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EDITOR OF REDSTATE

Morning Briefing for March 25, 2010

RedState Morning Briefing
For March 25, 2010

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1. A Great Day In Utah

I’m hearing from more and more people that Tuesday night was a truly great night for conservatives in Utah as Bob Bennett’s supporters were largely denied delegate spots to the State Convention.Across Utah, in most major areas, Bob Bennett’s supporters were shut out. In Provo, Bennett was able to come in first, but barely edged out Mike Lee.I’m getting reports from across the state, north to south, east to west, that Bob Bennett had a very, very bad night in Utah.He’s now going to have to jockey for position with the others in the race. Here’s the key though — we need to rally around a guy like Mike Lee who appears to have done well. We don’t want Bennett trying to cut deals with the others.Let’s hold their feet to the fire.Remember, Mitch McConnell said conservative dissatisfaction with Republican leadership is “not relevant.” We have the power to prove him wrong by tossing incumbent Republicans and more importantly this year rejecting the candidates the Washington Republicans have picked for us.At the end of the day, who do you think the NRSC backed candidates will be loyal to — the GOP leadership in DC or you?Please click here for the rest of the post.

2. Left & David Frum (BIRM): If Bill Doesn’t Work, Blame GOP!

As everyone knows, liberals are far from fans of accountability, responsibility, etc. or any other concept that suggests being held to account for their words and actions. A few days ago, Thomas Frank (of “What’s the Matter with Kansas?” fame) writing in his WSJ Tilting Yard column was obviously in a state of high dudgeon at the Texas State Board of Education’s stipulation that High School students be required to also look at the unintended consequences of LBJ’s Great Society reforms when studying that era.In the aftermath of the Democrats handing 1/6th of the economy over to their buddies in the public employee unions – through which taxpayer dollars would be laundered back to their campaign coffers, Megan McArdle [HT: Ace], Obama-voter though she was, proposes to use the statistics (inflated and false though most of them are) the proponents of Government healthcare cited in favor of the legislation as measurements via which the effectiveness of the legislation would be measured.And of course, this has every liberal who cited all those statistics at “The Atlantic” as alarmed as Thomas Frank at the prospect of Texas high school students actually examining the results of liberal “reforms”. All of a sudden those are not reasonable metrics, and it is now unrealistic (even “racist(!)” to demand some way of measuring, or even just use the metrics they pushed to pass this bill, whether Obamacare would result in better quality and access to healthcare for the American people.However, the most interesting counter-charge by McArdle’s opponents is to echo the media’s newest tame pet “Republican” David Frum and shift the blame to the GOP. The argument goes that if any of the benefits promised by the proponents of this legislation fails to materialize, the responsibility is entirely on the GOP for not signing up to place a cherry on top of the turd pile.Please click here for the rest of the post.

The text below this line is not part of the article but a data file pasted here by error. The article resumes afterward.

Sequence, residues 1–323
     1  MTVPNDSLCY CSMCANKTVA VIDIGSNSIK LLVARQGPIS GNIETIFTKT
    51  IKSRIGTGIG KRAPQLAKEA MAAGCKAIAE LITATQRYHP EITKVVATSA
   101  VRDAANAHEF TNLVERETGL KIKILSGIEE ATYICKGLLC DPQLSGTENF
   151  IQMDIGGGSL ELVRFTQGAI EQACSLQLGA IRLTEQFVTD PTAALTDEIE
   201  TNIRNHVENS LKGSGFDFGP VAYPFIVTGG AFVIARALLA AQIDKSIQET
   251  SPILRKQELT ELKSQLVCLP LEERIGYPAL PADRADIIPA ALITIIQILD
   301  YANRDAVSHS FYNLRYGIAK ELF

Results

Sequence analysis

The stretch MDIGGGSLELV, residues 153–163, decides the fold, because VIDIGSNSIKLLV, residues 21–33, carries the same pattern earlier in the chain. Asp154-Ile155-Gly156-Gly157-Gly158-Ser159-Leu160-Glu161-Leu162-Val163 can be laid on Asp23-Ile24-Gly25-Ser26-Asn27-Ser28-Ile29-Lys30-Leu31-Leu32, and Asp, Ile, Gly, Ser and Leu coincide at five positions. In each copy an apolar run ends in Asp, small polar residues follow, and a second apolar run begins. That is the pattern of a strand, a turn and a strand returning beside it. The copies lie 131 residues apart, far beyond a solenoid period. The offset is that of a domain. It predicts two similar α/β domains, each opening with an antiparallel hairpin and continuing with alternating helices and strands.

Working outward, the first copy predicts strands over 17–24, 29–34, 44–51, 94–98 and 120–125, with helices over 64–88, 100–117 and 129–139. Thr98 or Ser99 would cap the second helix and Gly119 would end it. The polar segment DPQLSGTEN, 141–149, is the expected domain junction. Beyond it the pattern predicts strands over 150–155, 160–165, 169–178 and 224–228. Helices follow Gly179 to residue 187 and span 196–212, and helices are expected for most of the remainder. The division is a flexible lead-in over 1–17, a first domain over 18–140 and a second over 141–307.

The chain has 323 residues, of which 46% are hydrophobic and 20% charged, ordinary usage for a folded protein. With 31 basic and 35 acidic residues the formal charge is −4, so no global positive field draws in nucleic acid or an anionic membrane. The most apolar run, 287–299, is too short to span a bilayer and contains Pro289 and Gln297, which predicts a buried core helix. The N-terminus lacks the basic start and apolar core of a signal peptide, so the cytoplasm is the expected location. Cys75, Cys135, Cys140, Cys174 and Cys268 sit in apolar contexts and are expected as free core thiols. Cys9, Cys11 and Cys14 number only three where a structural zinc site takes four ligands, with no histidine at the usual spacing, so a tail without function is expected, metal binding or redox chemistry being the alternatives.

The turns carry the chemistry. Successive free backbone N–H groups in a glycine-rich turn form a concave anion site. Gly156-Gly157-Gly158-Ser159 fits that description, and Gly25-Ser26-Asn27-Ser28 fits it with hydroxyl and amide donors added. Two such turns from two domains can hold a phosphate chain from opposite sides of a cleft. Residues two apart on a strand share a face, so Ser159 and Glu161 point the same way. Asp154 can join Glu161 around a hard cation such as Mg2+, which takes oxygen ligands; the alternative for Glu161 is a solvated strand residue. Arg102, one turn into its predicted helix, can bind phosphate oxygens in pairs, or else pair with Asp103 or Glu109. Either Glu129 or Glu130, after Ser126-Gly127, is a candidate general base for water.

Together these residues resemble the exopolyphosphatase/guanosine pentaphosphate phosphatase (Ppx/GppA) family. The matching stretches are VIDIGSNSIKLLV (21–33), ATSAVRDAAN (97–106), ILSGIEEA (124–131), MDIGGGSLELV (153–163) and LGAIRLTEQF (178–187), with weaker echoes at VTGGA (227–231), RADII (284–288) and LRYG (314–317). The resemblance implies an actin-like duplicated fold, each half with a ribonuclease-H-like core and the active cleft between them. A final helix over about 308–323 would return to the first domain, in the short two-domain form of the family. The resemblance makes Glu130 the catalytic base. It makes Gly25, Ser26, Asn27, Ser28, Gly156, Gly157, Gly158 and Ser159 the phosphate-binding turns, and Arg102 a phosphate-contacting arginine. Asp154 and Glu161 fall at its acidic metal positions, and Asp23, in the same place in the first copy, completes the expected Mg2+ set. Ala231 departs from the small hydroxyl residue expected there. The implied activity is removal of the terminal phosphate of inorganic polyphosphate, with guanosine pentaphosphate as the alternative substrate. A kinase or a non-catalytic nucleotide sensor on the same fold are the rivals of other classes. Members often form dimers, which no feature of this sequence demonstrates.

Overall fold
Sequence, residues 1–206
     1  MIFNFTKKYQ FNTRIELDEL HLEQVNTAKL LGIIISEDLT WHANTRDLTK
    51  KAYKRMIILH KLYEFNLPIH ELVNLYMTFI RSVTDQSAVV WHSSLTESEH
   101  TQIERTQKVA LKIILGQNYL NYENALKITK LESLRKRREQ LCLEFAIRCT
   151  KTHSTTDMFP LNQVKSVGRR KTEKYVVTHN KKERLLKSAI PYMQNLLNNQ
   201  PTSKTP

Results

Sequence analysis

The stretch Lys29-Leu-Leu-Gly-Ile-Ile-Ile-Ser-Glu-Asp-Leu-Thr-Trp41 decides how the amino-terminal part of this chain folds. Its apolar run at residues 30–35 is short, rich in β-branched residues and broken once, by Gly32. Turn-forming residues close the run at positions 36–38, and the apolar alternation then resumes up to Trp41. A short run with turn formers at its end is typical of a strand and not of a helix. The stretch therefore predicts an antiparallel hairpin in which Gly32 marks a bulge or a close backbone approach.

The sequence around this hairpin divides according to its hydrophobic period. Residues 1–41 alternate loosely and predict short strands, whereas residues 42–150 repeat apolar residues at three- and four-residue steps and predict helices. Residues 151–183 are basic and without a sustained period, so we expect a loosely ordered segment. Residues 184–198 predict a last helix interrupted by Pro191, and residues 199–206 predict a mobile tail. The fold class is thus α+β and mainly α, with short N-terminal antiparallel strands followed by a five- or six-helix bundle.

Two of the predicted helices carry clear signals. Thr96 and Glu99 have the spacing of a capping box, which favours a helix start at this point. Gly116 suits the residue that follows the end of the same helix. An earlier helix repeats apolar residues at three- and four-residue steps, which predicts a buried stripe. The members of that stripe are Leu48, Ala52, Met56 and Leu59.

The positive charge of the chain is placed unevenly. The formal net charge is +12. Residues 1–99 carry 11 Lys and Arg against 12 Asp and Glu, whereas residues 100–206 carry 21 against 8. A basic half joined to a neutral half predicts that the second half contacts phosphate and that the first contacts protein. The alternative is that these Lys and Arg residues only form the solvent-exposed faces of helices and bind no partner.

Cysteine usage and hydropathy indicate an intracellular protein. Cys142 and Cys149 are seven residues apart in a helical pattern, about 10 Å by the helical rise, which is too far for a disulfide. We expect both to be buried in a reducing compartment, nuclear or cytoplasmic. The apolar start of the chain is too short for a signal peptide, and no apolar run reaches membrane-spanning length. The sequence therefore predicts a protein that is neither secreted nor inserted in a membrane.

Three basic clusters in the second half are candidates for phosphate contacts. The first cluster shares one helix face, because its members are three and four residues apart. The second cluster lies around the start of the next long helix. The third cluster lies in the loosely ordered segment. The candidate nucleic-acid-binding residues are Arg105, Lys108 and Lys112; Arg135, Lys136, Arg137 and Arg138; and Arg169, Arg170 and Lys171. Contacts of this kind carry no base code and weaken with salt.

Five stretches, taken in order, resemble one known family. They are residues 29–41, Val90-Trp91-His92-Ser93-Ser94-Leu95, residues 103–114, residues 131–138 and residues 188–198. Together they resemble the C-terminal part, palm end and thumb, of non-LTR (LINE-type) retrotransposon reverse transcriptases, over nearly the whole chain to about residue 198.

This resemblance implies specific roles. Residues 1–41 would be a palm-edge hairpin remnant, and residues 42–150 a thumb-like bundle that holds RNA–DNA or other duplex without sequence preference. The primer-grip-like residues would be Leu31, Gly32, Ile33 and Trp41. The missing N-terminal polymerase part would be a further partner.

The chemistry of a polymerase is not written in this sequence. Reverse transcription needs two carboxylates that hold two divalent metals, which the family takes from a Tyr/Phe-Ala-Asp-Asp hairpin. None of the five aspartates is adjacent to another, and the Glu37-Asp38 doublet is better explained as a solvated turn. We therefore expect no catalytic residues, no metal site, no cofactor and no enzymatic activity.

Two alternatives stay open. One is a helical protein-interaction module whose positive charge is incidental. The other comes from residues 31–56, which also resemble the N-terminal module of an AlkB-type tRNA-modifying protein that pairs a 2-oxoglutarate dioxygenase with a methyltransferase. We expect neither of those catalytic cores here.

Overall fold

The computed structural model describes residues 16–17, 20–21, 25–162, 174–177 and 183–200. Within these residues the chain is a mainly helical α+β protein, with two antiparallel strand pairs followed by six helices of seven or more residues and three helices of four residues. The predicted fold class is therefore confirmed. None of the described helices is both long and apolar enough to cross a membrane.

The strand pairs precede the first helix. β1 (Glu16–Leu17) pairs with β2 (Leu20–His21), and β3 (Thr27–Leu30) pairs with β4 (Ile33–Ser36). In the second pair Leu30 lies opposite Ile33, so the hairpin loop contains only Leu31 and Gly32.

3. Think Progress tries originalism, fails

Think Progress is alarmed that the coming Constitutional crisis over the President’s newly-signed Patient Protection and Affordable Care Act (PPACA). I conclude this because it is unusual to see progressives use an originalist argument for Constitutional interpretation. However Ian Millhiser and Think Progress need more practice at it, because the argument they make is not the one they intend.I’ll start with Millhiser’s last point, that the framers “they probably knew a little bit more about the Constitution than Ken Cuccinelli.” This is not entirely true for several reasons. First, we’ve ratified seventeen amendments to the Constitution since the passage of the second Militia Act, and ten more were only ratified six months earlier. These changes to the Constitution require careful consideration, especially those of the ninth and tenth amendments.Regardless, Millhiser makes one core point: If it is Constitutional to require individuals to purchase firearms in the course of regulating the Militia, then it is Constitutional to require the purchase of medical insurance. However there is a key difference between the two here: the Militia Acts of 1792 are grounded in two specific clauses in the Constitution, while the PPACA has no such support.Please click here for the rest of the post.

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